Once Christmas in America meant chopping down a tree, caroling door-to-door and baking holiday cookies with Mom. But at this time of year boomers like me feel the same kind of holiday nostalgia for unpacking a fake, boxed tree while watching “A Charlie Brown Christmas,” and nibbling on packaged holiday cookies, specifically, in my case, anise-flavored Noel sugar cookies from the Massachusetts-based Educator company.
These crisp, red-and-green-sugar-sprinkled bells, stockings and trees were not just my family’s favorite dessert in the weeks leading up to Christmas – they were also Santa’s favorite – at least that’s what my two brothers and I surmised from how Santa polished off the plate of Noels and glass of milk we left in the living room for him every Christmas Eve.
Our love for Noel cookies did not stop when we found out who was really eating them – but continued through our teens and into our young adulthoods, when we discovered that Noels tasted even better with coffee than with milk.
“Do you have the cookies?” was always one of the first things my brother Vern and I asked after our drive to our hometown of Cumberland, R.I., from some or other Noel cookie-less wasteland where we landed our first jobs — the anise cookies being a guaranteed sweetener when conversation soured between the generations.
A box of the cookies was also a standard part of the gift box my mother sent my other brother, Doug, in Los Angeles. Over the years, the design of the box morphed from its original expensive green foil to plain green, and later, to decorated white cardboard; and the name of the cookies changed from Educator Noel to Burry Jingles. This created more than one Noel cookie scare before my Mom, with the help of one or another friendly supermarket manager, picked up the anise scent again.
Until Christmas 1997, when my Mom greeted me at the door waving a box of Jingles cookies made by Keebler. “They look like Jingles cookies but there’s no anise flavor,” she said with disappointment. “They’re imposters.”
Real Noel/Jingles cookies were nowhere to be found that Christmas, or the next, or the one after that. For the first time, I could understand the appeal of those corny holiday Currier and Ives and Norman Rockwell paintings for older Americans whose own icons of Christmas were similarly long gone.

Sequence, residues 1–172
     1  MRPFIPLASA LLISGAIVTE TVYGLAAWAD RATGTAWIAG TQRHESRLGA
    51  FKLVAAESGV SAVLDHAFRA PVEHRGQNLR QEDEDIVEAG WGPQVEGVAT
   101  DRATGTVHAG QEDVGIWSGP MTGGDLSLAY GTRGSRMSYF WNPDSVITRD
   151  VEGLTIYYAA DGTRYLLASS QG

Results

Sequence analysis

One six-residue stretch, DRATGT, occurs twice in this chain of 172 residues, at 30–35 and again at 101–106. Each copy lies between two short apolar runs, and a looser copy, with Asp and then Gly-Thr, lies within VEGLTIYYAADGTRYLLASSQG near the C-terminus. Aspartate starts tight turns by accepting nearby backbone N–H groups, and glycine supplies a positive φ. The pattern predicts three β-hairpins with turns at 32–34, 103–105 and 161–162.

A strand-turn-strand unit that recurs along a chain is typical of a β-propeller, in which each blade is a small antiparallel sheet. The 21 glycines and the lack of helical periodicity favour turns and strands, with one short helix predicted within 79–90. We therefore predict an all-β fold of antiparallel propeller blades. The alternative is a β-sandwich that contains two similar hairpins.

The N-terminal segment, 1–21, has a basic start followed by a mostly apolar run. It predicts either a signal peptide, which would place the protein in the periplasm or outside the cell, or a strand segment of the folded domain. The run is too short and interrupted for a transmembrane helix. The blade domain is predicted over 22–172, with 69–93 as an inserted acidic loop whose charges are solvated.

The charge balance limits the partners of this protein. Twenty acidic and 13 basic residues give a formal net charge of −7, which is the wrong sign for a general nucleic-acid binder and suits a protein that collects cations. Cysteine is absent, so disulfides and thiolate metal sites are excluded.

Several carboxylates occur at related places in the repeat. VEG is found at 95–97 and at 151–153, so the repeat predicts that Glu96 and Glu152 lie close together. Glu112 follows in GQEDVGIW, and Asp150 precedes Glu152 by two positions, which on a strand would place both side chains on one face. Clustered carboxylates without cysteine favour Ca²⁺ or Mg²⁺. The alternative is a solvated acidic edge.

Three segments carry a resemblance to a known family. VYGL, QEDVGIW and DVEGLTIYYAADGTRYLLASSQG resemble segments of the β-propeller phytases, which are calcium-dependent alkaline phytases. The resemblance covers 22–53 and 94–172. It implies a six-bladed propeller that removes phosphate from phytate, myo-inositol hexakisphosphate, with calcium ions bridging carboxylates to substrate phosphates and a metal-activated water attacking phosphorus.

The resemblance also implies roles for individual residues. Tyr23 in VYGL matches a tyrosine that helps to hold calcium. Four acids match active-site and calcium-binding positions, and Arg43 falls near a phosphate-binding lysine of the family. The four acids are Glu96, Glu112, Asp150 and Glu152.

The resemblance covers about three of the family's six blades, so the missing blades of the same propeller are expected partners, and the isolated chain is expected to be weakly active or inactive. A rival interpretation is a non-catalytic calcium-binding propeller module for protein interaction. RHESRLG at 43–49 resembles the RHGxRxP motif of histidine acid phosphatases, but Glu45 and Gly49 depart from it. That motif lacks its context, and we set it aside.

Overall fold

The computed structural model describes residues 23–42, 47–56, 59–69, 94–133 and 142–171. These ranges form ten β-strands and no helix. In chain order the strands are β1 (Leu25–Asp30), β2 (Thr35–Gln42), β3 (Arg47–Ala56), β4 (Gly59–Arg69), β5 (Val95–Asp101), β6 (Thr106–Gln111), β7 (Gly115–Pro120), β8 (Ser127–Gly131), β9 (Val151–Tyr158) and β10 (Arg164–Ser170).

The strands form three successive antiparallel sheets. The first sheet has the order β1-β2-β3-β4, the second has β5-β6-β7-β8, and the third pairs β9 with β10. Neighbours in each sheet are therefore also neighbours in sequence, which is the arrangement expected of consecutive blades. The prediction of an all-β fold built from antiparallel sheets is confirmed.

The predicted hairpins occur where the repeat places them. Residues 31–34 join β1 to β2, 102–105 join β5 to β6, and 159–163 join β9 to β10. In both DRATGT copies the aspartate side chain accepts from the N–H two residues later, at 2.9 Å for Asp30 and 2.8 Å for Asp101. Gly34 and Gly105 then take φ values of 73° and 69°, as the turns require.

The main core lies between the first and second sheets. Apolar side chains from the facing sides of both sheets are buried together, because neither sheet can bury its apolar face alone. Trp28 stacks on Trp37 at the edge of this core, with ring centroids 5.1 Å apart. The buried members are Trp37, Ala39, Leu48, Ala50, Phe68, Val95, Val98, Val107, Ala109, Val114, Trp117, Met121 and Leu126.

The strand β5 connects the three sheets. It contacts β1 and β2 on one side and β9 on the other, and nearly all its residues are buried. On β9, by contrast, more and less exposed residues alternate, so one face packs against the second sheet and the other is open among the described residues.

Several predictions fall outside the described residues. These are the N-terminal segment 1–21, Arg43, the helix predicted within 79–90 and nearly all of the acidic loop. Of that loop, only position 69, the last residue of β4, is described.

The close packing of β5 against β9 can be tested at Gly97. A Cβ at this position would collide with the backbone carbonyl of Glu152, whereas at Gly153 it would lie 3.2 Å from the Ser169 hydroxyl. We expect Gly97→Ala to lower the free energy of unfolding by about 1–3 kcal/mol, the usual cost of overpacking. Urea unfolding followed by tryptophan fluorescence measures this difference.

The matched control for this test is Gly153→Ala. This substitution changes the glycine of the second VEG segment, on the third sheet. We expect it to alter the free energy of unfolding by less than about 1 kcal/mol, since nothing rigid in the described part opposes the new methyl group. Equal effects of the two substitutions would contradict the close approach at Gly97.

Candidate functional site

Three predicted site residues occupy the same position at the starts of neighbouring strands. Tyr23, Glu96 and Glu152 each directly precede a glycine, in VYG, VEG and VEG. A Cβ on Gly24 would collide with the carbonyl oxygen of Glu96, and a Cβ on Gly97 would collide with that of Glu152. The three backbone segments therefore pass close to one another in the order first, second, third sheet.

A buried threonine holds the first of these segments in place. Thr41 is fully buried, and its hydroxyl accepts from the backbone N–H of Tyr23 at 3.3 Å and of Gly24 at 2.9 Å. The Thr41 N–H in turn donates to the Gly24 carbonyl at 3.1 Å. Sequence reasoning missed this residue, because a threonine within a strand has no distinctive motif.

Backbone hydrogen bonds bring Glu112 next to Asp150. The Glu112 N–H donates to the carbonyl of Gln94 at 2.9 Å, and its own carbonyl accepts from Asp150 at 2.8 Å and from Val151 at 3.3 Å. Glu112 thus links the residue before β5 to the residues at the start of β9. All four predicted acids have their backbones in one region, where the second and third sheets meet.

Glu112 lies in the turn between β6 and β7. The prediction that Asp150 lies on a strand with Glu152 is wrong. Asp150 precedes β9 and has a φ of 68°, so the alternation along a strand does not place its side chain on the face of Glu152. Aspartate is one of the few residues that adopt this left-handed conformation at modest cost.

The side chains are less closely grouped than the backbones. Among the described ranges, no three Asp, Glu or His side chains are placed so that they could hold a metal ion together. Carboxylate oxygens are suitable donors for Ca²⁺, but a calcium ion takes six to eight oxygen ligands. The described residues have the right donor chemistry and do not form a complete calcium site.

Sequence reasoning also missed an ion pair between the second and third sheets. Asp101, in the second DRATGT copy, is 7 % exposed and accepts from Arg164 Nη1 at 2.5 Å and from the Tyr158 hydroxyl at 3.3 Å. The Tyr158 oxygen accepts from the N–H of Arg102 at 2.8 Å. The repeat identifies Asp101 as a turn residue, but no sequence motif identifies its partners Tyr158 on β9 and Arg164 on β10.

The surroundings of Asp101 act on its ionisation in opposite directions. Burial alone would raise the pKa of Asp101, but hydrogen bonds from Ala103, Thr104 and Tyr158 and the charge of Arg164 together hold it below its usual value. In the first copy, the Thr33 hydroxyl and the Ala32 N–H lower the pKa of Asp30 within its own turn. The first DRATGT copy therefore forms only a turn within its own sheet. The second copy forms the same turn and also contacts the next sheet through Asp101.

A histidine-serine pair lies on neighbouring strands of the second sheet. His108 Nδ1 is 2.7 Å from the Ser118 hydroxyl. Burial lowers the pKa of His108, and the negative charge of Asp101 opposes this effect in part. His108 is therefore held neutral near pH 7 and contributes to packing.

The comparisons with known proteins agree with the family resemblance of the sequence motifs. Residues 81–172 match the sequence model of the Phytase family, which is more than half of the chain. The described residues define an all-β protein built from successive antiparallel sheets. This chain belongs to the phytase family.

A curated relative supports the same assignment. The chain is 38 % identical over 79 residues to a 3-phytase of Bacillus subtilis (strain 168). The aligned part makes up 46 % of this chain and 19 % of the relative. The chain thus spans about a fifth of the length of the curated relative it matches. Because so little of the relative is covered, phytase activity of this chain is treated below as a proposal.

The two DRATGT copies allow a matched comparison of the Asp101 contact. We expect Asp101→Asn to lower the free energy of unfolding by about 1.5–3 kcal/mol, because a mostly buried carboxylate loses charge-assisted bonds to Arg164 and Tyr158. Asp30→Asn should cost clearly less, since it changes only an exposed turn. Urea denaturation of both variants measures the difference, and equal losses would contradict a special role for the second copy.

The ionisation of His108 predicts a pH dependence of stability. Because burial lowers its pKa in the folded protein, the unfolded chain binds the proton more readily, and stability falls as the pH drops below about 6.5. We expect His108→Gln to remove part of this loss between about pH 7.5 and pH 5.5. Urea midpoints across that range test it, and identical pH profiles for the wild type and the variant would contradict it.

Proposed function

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How could we have been so stupid as to entrust our most cherished holiday tradition to a profit-driven corporation?, I wondered aloud over more than one of our Noel-less family holiday feasts.
Fast-forward to late November 2010 when, on a kick to give “meaningful” presents (i.e. light on cash), I literally decided to take matters into my own hands by baking a batch of homemade anise-flavored sugar cookies and set out on the web in search of a recipe.
Googling “recipe Jingles anise cookies” yielded not the hoped-for recipe but the Noel/Jingle cookie motherlode: a blog entry by Chicago ex-pat “Poofygoo” (Poofygoo?) lamenting her inability to find this cookie in her new D.C. home. This was followed by more than 50 responses posted over a span of five years, echoing Poofygoo’s Jingles’ love and longing, and offering hope in the form of Jingle cookie sightings.
“I just called the local Dominick’s and they say … they have the Jingles,” said Katie, after another Chicago resident reported buying some from that supermarket chain. “We’re out the door …”
Not only was my family not alone in our feelings about this cookie, we were not as pathetically bereft as the anonymous poster who confessed to pouring anise oil over some of Keebler’s faux Jingles cookies and sealing them up in a container in hopes they would soak up the crucial missing flavor.
Like most of the other commenters, this woman was from Greater Chicago. Educator and Burry were apparently not the only regional cookie companies to make and sell what Chicago-area cookie expert Connie Meisinger characterizes as “an Americanized version of popular European anise cookies like the Swedish springerle and the Italian pizzelle.” So did Salerno in Chicago, upstate New York and some other parts of the Midwest — although during their brief period owning Salerno in the 1990s, Keebler snagged the rights to the Jingles name for their plain-sugar imposter. This caused Salerno to rename their anise-flavored cookie “Santa’s Favorites,” according to one poster who claimed insider information.